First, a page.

The bhoomi pujan, designed to be a grand celebration of the triumph of the Ram Mandir campaign, comes 10 months after the Supreme Court’s verdict ended one of the longest-running court battles in independent India.
It will go down as a momentous occasion for a cause that, starting in the late 1980s, turned into the mascot, which helped BJP acquire pre-eminence in the following decades while transforming Hindutva from a fringe phenomenon into mainstream concern.
The launch of temple construction at the site where Babri Masjid had stood before being demolished on December 6, 1992, by a mob of kar sevaks has attracted few protests — a far cry from the days when it loomed large as a wedge issue and would influence elections beginning with 1989.
The Yogi Adityanath government in UP and BJP have worked hard to turn the day, already a landmark in Hindutva imagination because of the fulfilment of the goal of extinction of Jammu and Kashmir’s “special status”, into a spectacle.
Ayodhya has been decked up for the ceremony and over 3,500 security personnel have been deployed across the temple town for foolproof security. Concerned over the spread of coronavirus, the authorities are encouraging people not to come to the town, asking them to mark the occasion by celebrating in their homes. Roads leading to Ayodhya display hoardings with pictures of the Ram temple and Ram Lalla, the infant Ram, the deity now housed in a makeshift temple. Borders of Ayodhya district, however, have been sealed. SSP Deepak Kumar said the focus of the force was on maintaining the Covid-19 protocol.
The PM will arrive in Ayodhya via Lucknow around 11.30am and reach the Ram Janmabhoomi makeshift temple after offering prayers at Hanumangarhi, the seat of Lord Hanuman, 3 km away. The bhoomi pujan will last 15 minutes, between 12.30 pm and 12.45 pm, and will be performed in the presence of 175 select guests. Modi, along with UP governor Anandiben Patel, CM Yogi Adityanath, RSS chief Mohan Bhagwat and temple trust president Nritya Gopal Das will be on the dais. The PM will also plant a Parijat tree and release a commemorative postal stamp on the Ram temple. The ceremony will be telecast live on Doordarshan.
Adityanath, who has appealed to people to watch the ceremony from their homes due to Covid-19 restrictions, also called upon people to light diyas on Tuesday evening. He lit diyas at his official residence in Lucknow.
This will be Modi’s first visit to Ayodhya after becoming PM six years ago. Though he visited the border of Faizabad-Ambedkar Nagar to address a rally for the 2019 Lok Sabha elections, he sidestepped the clamour for construction of the Ram temple. Local BJP workers recall that his previous visit to the temple town was in 1991, when he had accompanied the then BJP chief Murli Manohar Joshi during his Tiranga Yatra.
Ironically, although efforts for liberation of Ram Janmabhoomi — the site millions of Hindus consider to be the birthplace of Lord Ram — had been made since the early British times, it was the Rajiv Gandhi-led Congress government that helped revive the mandir campaign by, it is said, facilitating unlocking Ram Lalla in 1989. The move was seen as meant to mollify the majority community, which was incensed by Rajiv giving in to pressure from the Muslim clergy not to implement the Supreme Court verdict in the Shah Bano case.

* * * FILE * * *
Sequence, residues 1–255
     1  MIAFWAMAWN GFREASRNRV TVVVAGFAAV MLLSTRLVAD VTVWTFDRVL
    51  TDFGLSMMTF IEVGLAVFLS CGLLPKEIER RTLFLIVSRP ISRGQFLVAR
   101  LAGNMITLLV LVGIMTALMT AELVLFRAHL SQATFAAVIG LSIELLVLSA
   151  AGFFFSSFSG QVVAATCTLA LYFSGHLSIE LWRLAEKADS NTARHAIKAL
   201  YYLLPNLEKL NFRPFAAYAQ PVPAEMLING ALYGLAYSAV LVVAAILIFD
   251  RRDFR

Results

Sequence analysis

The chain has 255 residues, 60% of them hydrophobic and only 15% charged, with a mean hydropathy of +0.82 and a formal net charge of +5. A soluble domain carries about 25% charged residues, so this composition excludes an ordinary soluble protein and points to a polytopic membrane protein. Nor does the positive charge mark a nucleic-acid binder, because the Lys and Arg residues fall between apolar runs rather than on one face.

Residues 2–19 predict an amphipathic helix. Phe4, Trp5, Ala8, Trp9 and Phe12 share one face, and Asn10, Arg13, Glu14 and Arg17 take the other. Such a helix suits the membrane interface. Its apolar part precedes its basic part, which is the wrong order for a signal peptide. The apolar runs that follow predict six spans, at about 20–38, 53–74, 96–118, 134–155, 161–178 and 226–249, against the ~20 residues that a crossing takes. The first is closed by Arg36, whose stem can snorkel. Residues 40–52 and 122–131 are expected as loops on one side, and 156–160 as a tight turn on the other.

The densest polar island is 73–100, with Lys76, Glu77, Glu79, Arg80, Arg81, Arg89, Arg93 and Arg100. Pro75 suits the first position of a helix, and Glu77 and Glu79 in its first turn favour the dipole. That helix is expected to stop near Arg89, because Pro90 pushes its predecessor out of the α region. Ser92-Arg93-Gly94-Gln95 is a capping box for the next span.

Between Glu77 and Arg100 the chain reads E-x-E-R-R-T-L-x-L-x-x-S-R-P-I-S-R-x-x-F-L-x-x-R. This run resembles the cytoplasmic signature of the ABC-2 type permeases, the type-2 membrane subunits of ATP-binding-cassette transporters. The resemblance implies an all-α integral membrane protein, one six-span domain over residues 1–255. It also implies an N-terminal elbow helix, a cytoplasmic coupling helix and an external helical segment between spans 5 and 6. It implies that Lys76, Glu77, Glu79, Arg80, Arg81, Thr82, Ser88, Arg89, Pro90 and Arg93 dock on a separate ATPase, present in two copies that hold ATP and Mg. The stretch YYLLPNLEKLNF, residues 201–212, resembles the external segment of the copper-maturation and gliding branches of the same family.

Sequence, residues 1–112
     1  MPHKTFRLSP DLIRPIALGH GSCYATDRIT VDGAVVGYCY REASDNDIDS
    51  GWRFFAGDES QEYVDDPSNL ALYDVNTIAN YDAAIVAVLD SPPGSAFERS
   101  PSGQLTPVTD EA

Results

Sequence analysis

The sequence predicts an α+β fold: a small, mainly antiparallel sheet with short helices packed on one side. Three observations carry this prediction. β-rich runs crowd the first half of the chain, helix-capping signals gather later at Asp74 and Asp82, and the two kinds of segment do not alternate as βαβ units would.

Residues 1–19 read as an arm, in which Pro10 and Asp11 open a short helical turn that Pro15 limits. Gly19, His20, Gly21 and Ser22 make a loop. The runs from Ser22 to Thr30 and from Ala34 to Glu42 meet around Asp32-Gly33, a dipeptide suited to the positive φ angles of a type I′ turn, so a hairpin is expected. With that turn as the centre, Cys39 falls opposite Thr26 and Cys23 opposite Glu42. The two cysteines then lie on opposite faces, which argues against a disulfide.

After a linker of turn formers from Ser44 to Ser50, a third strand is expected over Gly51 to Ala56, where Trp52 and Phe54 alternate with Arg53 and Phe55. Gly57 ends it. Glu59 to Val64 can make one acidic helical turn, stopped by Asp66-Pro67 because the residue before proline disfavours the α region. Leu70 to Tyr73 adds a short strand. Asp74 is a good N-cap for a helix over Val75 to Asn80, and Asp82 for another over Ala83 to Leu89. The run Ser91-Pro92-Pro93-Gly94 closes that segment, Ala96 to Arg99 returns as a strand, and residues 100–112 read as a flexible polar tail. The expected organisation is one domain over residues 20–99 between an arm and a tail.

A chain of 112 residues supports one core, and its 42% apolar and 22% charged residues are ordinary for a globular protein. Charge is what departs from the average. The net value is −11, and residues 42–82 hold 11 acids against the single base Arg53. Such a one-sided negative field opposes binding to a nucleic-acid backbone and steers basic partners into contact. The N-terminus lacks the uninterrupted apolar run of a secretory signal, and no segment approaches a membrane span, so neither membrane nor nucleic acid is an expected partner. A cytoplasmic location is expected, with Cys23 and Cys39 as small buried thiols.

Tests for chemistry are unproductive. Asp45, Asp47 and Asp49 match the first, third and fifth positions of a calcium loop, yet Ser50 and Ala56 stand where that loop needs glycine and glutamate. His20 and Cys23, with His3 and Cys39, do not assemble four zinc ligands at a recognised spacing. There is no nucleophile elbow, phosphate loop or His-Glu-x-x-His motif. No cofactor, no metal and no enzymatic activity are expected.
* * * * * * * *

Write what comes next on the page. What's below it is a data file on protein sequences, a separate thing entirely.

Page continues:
Having uncorked the passion for the mandir, the then PM failed to follow up the opening gambit. Although he did launch his 1989 campaign from Ayodhya by promising Ram Rajya, Rajiv’’s reluctance to promise the mandir raised suspicions about his sincerity, leaving an opening for BJP.
Always a vocal votary of mandir, BJP promised to construct a grand temple in its 1989 manifesto even as fellow saffron affiliate, VHP’s Ashok Singhal, scripted a massive mobilisation campaign.
The next year saw BJP leader L K Advani launch his “Somnath to Ayodhya” rath yatra — a campaign that culminated in demolition of the Babri Masjid in December 1992, sparking communal violence and leading to a tense status quo where a “makeshift” temple continued to function.
In 2010, the Allahabad high court recognised Hindus’ claim to the mandir site, but apportioned the disputed area between the two communities, assigning one-third to Muslims. The campaigners for mandir earned an emphatic victory in the SC, clearing the way for construction.
The situation, however, has changed nearly 10 months after the SC delivered its verdict. “The dream of crores of people living in the country and abroad is going to come true on August 5. Construction of a temple at Lord Ram’s birthplace is starting with his blessings. It will not only be a symbol of faith of scores of people but also be the reflection of India’s culture. It is like Deepawali in August,” UP BJP chief Swatantra Dev Singh told TOI.
One of the litigants from the Muslim side, Iqbal Ansari, said all legal disputes had ended when the SC delivered its judgment in favour of the Ram temple. “We never thought of filing a counter plea. And now PM Modi himself is coming for the foundation-laying ceremony. We all are here to welcome him,” said Ansari, who has been invited by the Ram Janmabhoomi Teerth Kshetra Trust for the bhoomi pujan.